"Both parties have used the process, but only when the bills in question stuck close to dealing with the budget. In instances in which other substantive legislation was included, the legislation had significant bipartisan support."

This is, as Maddow pointed out, simply 100% false.


In 2003, Republicans used reconciliation to get the Bush tax cuts passed, the tax cuts that exploded the deficit. They did not get significant bipartisan support for that. They passed it with 50 votes (and, as Foser pointed, two were Democrats, and one of those two was the un-hinged and already Democrat-hating Zell Miller). Dick Cheney had to come in as vice president and president of the Senate to break that tie to give them 51.

Two years later, another reconciliation vote, this time, on Medicaid. Republicans were only able to get that one passed using reconciliation, too, because they only got 52 votes for that one -- significant bipartisan support.

When Orrin Hatch says, hey, we never use reconciliation for big substantive bills when the vote was going to be close, and when he says that would be unprecedented, he is not telling the truth. It is a lie. Health reform passed the Senate by 60 votes. It passed the House by a majority. And now, Democrats are going to pass the last fixes to align the two bills using reconciliation.

Republicans used reconciliation a lot, for major legislation. They did it all the time, and they're now lying about that record. Orrin Hatch, in particular, has been there voting with them while they did it, just about every single time. And now, Orrin Hatch is lying about that in "The Washington Post." And "The Washington Post" is just printing the lying.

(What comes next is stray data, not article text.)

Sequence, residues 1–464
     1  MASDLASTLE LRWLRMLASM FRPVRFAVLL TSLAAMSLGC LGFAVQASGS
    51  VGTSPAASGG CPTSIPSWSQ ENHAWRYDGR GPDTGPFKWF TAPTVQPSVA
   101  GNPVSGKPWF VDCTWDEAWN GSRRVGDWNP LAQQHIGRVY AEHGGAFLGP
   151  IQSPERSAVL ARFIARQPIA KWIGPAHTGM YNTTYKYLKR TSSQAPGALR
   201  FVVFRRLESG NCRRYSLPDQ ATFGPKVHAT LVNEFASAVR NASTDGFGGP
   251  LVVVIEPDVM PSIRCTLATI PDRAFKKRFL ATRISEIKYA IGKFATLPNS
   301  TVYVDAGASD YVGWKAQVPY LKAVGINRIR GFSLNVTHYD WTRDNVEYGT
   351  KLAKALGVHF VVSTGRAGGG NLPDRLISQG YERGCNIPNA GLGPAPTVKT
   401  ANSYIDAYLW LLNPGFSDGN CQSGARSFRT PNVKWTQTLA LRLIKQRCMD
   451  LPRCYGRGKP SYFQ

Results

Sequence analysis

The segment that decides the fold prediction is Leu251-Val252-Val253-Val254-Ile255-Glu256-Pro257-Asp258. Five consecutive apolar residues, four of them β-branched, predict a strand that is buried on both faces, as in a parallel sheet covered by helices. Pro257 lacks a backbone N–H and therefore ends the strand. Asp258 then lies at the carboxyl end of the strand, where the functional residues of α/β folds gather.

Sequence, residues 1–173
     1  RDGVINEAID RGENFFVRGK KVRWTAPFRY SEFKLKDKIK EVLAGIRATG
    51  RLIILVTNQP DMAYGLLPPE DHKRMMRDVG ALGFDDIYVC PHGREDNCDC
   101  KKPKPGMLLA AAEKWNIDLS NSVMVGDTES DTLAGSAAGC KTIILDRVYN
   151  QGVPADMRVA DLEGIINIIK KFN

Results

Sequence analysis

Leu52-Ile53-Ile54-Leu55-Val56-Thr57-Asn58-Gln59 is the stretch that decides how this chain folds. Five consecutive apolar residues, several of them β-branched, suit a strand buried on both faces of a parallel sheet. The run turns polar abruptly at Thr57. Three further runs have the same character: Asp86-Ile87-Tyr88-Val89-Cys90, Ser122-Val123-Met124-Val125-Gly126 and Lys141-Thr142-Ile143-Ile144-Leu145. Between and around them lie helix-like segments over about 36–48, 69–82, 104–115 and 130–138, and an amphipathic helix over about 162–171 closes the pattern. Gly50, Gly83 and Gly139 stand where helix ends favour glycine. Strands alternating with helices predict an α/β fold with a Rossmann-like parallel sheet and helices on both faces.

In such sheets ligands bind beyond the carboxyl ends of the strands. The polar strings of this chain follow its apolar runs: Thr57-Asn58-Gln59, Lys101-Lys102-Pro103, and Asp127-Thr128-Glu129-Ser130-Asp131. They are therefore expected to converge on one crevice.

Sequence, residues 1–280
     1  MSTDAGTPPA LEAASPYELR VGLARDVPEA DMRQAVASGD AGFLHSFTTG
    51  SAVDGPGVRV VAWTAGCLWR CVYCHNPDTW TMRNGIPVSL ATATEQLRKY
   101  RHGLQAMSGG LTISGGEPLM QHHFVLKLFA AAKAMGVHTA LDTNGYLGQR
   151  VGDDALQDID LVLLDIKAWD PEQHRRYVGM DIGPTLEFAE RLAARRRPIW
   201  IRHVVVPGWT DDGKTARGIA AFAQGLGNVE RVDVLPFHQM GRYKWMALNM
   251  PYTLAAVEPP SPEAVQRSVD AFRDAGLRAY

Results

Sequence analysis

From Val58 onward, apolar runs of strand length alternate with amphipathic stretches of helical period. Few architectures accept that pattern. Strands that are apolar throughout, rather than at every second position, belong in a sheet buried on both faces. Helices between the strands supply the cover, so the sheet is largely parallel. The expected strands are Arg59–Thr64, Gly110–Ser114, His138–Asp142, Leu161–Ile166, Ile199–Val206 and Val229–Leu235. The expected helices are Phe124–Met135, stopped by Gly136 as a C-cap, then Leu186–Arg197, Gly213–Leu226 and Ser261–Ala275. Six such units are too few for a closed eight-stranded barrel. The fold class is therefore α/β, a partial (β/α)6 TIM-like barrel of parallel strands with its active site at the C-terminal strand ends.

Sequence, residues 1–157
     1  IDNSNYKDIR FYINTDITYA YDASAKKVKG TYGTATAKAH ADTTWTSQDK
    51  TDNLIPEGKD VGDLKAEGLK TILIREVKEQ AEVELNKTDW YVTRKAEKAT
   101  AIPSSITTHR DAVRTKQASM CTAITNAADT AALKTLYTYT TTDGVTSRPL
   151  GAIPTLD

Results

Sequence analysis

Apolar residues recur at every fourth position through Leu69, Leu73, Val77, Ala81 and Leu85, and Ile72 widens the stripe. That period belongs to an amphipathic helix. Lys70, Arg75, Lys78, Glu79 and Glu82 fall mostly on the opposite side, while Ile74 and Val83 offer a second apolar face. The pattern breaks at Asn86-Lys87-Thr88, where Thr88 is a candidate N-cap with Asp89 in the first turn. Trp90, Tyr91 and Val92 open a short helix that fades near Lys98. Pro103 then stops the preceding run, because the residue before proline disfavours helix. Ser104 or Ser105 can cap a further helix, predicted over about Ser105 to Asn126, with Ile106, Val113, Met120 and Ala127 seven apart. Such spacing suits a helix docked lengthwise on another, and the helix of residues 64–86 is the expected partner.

That Republicans repeatedly lie and adopt positions that directly contradict positions they've previously adopted (as with their condemnation of the stimulus package while simultaneously scurrying to their home districts to take credit for its beneficial effects) is bad enough. Much worse, however, is that the liberal media continues to treat falsehoods as if they're merely just a "side" in a two-sided debate about politics.

But not only is there the problem of repeating deliberate and outright falsehoods as if they're credible positions. There's also the repeated willingness of the media to frame issues in a way that facilitates the lying. Republicans want nothing more than to pull their usual black-is-white, up-is-down act by somehow arguing that it would be undemocratic, elitist, and a usurpation of the principle of representative government to allow legislation that has already passed both houses of Congress to be finalized according to majority rule.

And how better to allow that idea to gain meaningful traction than to harp endlessly on the "complicated" "parliamentary" "gimmick" of reconciliation, but only when Democrats are planning to use it, rather than to report that it's a common enough procedure that has been used to enact major, and contentious legislation for decades?

Jonathan Weiler's second book, Authoritarianism and Polarization in Contemporary American Politics, co-authored with Marc Hetherington, was published in 2009 by Cambridge University Press. He blogs about politics and sports at